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Should I bike with my dog?

Yesterday was the first bike ride of the season for my mutt and I (finally). We picked right up as though we hadn’t missed a day. I went slowly of course, barely above our running pace so Ace didn’t have to break into a run. When we got to a park I let him off leash and allowed him to sprint after me if he wanted. He took on my challenge and raced across the field remaining at my side no matter how fast I peddled. I should’ve checked our speed, but I forgot.

I love the days when my mutt slowly walks a step or two behind me. Ever since we have been walking, running and now biking more, my dog’s leash manners have improved. He even heels better than he did when he was on a high dose of prednisone! I made a point today to leave all training collars at home. Ace doesn’t really need them in the neighborhood anymore.

If you are considering biking with your dog, it is worth putting in some training time first. Don’t even think about biking with your dog if he can’t heel at your side while you are walking. Work on controlling your dog in all situations like when other dogs run up to you or when Rollerbladers go by. If you need some pointers, here are some tips for biking with your dog and teaching your dog to heel.

What’s dangerous about biking with my dog?

Hands free bike leash for dog to run next to bikeAs long as I have total control over my dog, I am not putting myself or others in danger while biking in a suburban area. There are lots of other walkers, dogs, cars and bikers out and about, and I can’t have a dog that gets excited over every little thing. If so, he could pull me right into traffic or cause me to crash or run into someone.

Ace and I always remain out of the way. If there are cars on the road, we stay on the sidewalk. If there are people on the sidewalk, we move onto the road. If there are people and cars everywhere, we move with the flow.

I make sure to keep my mutt at my side when we bike. I would never let him run in front. Instead, I’ve taught him to have respect for the bike. He watches my body language and listens to commands when I’m on the bike just as he would while we are walking. A hands free bike leash helps with this concept.

When Ace and I approach an intersection I say, “slow” as I slow down. When I have to stop, I tell him “wait” and he stands and waits. This week I am trying to teach him to sit whenever the bike stops. As we approach turns, I tell him “turn left” or “turn right.” I doubt he knows the difference, but he does know we are switching directions. He pays attention so we don’t collide.

Know how to respond to ‘bad’ dogs in the neighborhood

Sometimes it’s better to jump off my bike and walk when I see “hazards” like loose dogs or a dog on a Flexi leash. If your dog gets excited over cats or rabbits, then be on the lookout for small animals. Don’t hesitate to walk when you see them.

There are certain dogs in the neighborhood that lunge and bark when Ace and I are just walking. But when I bike, even the normally quiet dogs might get agitated. A lot of dogs get excited or even aggressive when they see bikers in general. So when they see a person, a dog and a bike, they go completely bonkers.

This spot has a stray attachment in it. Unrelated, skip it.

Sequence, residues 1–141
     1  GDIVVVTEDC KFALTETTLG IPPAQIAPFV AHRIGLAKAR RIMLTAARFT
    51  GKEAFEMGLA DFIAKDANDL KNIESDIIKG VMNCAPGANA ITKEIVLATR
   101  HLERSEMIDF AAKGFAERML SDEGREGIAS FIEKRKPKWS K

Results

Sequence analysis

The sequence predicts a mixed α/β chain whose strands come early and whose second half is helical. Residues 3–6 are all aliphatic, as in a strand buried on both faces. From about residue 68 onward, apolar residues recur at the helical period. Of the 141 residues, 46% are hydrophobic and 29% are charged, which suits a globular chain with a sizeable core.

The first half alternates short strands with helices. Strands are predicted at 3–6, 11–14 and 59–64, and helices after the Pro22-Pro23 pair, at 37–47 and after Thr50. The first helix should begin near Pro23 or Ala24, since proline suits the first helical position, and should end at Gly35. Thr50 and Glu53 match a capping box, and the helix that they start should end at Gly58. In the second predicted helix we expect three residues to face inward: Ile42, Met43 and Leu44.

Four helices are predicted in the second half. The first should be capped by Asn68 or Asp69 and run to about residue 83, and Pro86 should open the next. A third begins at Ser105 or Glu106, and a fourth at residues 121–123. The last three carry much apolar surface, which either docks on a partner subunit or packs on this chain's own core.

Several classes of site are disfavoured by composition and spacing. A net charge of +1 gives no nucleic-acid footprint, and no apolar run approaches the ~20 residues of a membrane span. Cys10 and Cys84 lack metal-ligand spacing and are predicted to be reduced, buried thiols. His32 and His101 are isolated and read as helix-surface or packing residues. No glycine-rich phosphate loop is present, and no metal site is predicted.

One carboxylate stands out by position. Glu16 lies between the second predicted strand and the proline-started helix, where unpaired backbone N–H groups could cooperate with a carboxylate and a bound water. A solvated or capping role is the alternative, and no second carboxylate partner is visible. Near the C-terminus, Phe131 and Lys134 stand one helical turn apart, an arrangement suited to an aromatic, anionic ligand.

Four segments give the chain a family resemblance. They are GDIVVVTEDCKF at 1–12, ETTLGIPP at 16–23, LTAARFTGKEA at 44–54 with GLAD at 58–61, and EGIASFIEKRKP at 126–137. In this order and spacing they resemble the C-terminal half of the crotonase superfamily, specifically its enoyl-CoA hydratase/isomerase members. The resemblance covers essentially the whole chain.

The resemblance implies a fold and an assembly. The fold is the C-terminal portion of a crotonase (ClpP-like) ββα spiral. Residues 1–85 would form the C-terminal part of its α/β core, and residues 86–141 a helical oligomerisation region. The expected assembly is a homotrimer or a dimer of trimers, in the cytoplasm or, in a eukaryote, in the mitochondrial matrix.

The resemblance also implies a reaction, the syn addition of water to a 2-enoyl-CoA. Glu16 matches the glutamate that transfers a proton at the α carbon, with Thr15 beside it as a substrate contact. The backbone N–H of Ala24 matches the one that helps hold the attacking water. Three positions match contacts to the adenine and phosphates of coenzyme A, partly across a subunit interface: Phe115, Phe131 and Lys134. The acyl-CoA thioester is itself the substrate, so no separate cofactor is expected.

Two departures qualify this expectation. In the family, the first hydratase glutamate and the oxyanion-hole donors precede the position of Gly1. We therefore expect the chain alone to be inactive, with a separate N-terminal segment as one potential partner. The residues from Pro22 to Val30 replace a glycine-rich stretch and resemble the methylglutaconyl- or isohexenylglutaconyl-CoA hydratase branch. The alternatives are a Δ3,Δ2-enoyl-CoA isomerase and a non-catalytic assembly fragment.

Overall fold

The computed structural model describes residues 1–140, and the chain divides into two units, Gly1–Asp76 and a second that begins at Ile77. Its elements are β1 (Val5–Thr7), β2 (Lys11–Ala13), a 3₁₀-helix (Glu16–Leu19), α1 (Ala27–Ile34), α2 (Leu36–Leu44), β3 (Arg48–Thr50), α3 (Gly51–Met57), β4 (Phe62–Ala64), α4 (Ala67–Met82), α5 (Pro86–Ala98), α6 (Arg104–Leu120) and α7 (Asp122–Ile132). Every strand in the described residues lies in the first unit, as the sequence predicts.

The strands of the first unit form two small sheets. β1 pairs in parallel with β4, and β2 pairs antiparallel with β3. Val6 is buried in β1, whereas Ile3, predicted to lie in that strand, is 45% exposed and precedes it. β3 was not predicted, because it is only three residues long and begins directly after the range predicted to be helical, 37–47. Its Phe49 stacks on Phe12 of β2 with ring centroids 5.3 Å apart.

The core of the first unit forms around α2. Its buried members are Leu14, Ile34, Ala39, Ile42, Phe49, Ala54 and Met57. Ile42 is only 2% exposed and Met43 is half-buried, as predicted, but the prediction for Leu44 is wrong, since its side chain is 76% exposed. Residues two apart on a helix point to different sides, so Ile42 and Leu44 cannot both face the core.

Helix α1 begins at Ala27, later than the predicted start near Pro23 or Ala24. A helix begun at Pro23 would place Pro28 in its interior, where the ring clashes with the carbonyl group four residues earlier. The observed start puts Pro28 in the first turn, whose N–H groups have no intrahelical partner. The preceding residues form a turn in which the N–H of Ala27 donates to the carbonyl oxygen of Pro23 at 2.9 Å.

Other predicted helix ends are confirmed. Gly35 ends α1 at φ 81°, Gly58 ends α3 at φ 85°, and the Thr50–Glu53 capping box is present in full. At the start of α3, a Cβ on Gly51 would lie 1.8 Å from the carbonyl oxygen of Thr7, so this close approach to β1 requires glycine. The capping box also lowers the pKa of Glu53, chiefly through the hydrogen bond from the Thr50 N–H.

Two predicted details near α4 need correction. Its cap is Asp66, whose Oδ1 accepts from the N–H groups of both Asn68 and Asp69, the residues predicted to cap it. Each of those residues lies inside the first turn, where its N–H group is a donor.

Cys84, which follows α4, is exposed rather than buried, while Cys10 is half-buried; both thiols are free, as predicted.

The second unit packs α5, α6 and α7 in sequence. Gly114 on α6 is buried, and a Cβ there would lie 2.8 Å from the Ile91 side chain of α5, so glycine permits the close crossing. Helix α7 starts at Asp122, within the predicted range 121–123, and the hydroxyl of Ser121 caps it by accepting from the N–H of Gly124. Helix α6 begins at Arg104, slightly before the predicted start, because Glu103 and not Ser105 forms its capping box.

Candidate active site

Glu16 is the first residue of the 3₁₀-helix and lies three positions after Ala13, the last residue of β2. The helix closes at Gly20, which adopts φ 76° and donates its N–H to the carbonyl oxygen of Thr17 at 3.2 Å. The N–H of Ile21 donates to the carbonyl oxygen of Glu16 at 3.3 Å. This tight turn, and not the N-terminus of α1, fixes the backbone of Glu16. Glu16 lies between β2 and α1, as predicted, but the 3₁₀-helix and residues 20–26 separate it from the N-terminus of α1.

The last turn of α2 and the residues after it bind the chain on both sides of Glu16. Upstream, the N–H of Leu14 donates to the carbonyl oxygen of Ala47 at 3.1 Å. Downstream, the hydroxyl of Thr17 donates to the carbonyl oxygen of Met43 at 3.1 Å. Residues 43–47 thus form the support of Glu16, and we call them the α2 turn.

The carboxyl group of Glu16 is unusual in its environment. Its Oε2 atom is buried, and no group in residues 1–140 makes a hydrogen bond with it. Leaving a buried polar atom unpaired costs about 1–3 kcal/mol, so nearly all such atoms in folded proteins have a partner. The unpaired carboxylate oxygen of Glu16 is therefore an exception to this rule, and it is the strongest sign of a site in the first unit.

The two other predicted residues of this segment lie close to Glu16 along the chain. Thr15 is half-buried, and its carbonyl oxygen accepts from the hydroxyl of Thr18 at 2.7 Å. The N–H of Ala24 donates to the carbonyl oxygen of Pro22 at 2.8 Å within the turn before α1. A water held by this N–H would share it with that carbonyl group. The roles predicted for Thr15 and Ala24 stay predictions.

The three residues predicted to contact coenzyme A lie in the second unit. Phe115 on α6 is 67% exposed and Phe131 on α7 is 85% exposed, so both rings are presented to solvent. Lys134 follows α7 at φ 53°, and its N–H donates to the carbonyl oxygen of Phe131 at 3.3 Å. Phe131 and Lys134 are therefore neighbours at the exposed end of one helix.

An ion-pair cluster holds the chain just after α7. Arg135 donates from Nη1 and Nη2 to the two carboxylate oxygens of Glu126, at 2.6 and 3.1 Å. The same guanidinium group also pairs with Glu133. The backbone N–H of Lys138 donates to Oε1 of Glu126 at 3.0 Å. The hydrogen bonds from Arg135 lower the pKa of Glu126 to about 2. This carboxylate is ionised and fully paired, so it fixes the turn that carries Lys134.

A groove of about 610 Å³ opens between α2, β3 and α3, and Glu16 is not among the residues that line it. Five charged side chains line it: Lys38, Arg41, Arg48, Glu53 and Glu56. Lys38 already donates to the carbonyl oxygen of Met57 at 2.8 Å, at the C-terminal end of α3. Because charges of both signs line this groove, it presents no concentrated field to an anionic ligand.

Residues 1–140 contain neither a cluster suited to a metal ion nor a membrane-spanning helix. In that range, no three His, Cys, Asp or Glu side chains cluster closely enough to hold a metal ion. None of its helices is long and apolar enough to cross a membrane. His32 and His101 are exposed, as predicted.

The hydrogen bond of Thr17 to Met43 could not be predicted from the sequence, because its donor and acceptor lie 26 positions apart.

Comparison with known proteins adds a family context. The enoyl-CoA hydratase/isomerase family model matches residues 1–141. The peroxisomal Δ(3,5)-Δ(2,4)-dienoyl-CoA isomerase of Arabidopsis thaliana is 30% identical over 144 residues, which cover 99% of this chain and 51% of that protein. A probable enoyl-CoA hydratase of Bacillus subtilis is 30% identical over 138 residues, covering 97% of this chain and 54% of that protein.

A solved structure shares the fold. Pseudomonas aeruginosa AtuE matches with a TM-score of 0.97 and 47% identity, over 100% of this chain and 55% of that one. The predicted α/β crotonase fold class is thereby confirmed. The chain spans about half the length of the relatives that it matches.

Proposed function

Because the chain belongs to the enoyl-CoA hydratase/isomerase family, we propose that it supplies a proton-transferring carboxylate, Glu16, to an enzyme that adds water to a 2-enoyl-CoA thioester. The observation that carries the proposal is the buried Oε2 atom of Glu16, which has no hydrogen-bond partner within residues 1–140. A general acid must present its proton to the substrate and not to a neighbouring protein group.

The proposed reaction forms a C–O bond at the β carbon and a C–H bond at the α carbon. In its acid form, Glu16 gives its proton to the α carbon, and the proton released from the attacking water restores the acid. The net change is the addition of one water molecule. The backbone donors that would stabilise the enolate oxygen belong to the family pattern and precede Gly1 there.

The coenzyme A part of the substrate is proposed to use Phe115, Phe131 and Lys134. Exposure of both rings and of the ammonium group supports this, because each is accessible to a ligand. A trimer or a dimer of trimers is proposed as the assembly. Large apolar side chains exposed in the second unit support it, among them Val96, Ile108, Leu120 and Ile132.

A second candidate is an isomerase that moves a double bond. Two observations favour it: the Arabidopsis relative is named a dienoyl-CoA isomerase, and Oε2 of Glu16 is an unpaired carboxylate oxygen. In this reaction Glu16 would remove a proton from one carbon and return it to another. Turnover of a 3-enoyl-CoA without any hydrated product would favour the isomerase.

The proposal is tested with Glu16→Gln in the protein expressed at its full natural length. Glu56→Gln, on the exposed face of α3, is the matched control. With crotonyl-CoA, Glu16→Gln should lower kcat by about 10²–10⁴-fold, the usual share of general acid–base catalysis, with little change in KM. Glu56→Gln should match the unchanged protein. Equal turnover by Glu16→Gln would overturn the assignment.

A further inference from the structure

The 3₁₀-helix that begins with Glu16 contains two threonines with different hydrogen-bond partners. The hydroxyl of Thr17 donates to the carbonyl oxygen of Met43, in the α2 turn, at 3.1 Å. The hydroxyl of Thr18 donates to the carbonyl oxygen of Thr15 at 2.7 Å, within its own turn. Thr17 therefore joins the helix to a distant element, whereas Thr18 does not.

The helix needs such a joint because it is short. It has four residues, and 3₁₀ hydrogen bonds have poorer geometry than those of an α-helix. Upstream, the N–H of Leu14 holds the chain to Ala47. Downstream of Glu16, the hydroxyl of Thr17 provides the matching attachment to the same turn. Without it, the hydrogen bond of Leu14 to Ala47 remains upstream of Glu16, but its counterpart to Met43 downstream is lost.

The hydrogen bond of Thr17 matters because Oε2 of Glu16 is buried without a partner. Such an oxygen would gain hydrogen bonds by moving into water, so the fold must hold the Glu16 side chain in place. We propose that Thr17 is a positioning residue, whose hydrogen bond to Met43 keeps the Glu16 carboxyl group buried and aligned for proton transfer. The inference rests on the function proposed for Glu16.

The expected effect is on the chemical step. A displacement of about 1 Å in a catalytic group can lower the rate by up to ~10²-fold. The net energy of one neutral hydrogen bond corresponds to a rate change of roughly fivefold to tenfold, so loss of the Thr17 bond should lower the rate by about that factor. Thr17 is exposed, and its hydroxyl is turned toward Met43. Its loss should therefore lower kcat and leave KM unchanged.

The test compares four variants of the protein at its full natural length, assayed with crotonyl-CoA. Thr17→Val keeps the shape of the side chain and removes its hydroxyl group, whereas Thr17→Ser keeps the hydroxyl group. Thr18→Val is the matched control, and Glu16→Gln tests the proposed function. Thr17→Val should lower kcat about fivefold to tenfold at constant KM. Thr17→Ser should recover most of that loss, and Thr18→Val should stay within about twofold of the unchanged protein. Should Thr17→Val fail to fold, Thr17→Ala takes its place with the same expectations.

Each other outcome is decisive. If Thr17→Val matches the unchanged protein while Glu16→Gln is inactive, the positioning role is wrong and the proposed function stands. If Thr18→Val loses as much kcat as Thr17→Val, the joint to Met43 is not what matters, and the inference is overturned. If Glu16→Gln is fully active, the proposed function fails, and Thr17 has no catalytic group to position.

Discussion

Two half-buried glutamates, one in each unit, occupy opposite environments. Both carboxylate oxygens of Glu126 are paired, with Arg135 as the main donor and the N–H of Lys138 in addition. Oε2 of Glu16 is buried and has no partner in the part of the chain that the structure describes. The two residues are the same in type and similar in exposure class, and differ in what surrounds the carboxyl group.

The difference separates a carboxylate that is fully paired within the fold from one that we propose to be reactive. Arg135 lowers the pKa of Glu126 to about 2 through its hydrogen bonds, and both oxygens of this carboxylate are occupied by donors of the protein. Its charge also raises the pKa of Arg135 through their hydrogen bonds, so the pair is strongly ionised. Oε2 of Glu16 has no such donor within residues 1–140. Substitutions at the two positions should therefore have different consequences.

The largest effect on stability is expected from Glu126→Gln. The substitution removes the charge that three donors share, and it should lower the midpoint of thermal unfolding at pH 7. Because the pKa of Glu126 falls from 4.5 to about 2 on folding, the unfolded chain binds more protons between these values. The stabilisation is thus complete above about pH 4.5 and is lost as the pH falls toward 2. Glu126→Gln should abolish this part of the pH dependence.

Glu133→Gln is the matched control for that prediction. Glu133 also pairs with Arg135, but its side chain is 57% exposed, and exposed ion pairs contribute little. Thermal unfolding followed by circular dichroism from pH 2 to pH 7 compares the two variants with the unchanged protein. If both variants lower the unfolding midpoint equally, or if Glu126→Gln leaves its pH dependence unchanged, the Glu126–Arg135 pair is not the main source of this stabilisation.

One man walking some sort of Afghan-looking breed could hardly control his dog as it barked and pulled at Ace and I yesterday. The best thing I could do was make sure I had control over my own dog.

Sometimes it’s best to go a different direction and avoid certain encounters. But other times it’s impossible to avoid problem dogs, like when a pug on a Flexi leash comes around the corner out of nowhere. Usually it’s easiest to ignore an aggressive dog and continue on our way, but sometimes the faster we move, the more the dog wants to chase us.

When Ace and I are out running, we never run from aggressive dogs. Instead, I slow down and casually continue on my way showing that I am neither scared or up for a challenge. Running only encourages chasing, aggression and prey drive. So when Ace and I are out biking, I have to keep this in mind when we encounter unpredictable dogs.

Since the Afghan was leashed, we didn’t slow down. Thinking back, slowing down or walking by this dog might’ve been the better choice. Our speed caused the dog to lunge and act more aggressively. Had this dog gotten away from its owner, it would’ve easily caught up to us.

Later a pointer ran into the sidewalk, barking and beginning to chase. Since this dog was unleashed and unsupervised, I stopped and let the dogs sniff each other for about two seconds. I knew the pointer was being territorial and not a threat – we’ve passed this dog many times. Ace and I slowly moved on.

If you’re going to bike with your dog, be prepared for all situations and know how you will respond. I prefer to bike in quieter parks and roads whenever I can. A bike leash for dogs helps if you want to keep both hands free.

Walk your dog 101 miles (day 16)

pit-bull-terrierAce accompanied me on a run with one of 4 Luv of Dog’s rescue dogs yesterday. We ran with Lucky, an American pit bull terrier up for adoption. The dogs got along great. The photo of Lucky is from 4LuvofDog.com. 5/7/10 update: Lucky has been adopted!

Anyone looking for a dog-friendly pitbull should definitely go and meet Lucky at Saturday’s adoption days from 1 p.m. to 3 p.m. over at the West Fargo PetSmart. Lucky is a great dog. He ran just fine on the leash and didn’t even pull or bark when we passed kids, school buses and bikers. What a good boy!

After almost 7 miles yesterday, Ace and I walked an easy 1.99 miles today. The month is half over and we broke 50 miles, so we are right on track to reach 101 miles.

April miles: 50.68

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